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The proper remedies for charcoal-blight and mildew1 will be pointed out in the succeeding Book.2 In the meantime, however, we may here observe that among the remedies may be placed that by scarification.3 When the bark becomes meagre and impoverished by disease, it is apt to shrink, and so compress the vital parts of the tree to an excessive degree: upon which, by means of a sharp pruning knife held with both hands, incisions are made perpendicularly down the tree, and a sort of looseness, as it were, imparted to the skin. It is a proof that the method has been adopted with success, when the fissures so made remain open and become filled with wood of the trunk growing between the lips.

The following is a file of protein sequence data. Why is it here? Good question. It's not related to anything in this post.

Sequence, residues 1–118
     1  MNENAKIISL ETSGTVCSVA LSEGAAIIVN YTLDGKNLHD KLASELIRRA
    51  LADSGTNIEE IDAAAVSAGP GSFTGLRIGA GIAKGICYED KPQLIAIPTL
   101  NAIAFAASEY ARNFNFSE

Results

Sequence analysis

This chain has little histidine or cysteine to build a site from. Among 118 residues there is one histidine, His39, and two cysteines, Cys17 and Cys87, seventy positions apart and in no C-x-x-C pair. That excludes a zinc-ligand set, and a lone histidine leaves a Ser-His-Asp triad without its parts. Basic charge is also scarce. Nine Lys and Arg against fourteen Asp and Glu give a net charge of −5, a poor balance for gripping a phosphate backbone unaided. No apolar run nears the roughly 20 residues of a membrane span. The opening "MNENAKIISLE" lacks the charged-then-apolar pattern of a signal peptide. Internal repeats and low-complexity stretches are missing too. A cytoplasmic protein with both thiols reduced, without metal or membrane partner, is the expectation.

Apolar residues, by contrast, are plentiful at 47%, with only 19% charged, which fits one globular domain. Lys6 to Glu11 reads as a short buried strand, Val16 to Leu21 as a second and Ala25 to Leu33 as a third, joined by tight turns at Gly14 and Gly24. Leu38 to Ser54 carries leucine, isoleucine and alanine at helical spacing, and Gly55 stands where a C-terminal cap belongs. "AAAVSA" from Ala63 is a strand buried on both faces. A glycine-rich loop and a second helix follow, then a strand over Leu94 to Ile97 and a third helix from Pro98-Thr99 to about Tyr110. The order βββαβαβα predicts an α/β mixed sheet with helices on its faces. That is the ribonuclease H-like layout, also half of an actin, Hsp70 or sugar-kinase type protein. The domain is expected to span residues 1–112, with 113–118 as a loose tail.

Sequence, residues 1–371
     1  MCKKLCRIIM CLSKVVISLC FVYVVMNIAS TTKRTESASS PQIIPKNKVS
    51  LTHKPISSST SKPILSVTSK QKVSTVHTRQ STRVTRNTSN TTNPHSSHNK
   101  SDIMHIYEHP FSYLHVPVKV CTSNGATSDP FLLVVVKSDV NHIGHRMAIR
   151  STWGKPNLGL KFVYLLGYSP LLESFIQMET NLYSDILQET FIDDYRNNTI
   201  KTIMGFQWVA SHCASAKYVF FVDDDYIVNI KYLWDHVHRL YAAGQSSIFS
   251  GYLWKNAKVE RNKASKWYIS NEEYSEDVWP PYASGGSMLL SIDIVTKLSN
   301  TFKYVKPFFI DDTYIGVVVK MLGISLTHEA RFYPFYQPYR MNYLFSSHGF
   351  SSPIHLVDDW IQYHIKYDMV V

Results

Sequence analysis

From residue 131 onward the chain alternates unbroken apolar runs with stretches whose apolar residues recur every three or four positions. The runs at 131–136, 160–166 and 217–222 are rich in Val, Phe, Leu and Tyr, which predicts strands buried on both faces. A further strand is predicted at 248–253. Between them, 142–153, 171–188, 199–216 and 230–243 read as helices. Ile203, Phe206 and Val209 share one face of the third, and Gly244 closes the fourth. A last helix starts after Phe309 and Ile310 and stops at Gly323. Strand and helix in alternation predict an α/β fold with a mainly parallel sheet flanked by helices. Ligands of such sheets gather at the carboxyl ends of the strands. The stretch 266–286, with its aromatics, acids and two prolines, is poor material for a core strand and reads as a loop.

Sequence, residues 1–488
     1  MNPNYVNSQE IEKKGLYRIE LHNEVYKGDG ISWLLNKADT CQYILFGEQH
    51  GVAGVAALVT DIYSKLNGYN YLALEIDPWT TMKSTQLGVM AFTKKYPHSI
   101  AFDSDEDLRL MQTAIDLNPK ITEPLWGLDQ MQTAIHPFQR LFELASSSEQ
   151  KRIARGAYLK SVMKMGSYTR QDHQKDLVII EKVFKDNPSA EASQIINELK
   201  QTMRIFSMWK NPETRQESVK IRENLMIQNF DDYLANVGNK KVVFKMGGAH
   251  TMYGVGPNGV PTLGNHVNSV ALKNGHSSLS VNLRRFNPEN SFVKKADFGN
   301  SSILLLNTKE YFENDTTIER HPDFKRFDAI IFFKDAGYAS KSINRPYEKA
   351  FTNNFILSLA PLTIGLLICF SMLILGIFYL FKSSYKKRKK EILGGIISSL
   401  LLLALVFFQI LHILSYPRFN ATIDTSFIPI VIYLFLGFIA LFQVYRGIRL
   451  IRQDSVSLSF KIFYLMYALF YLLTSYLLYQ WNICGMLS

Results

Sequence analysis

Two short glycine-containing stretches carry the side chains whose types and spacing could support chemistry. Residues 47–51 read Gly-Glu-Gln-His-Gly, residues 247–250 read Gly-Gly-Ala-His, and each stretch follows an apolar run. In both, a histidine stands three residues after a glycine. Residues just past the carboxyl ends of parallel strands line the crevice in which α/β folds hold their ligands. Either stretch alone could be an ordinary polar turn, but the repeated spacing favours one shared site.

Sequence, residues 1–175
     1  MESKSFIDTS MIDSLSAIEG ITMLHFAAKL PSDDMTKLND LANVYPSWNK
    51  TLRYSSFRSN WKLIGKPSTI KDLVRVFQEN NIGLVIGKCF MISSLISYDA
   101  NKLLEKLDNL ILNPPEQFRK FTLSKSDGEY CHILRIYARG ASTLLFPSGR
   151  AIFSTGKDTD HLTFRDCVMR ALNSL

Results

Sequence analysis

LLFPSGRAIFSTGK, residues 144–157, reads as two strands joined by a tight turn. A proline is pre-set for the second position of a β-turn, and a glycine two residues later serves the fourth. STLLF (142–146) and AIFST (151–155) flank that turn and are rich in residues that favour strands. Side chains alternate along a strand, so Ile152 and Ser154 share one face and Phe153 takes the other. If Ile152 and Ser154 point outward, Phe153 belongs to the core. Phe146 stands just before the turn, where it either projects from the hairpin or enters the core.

1 "Uredo rubigo" and "uredo caries."

2 Cc. 45 and 70.

3 Still practised upon the cherry-tree.

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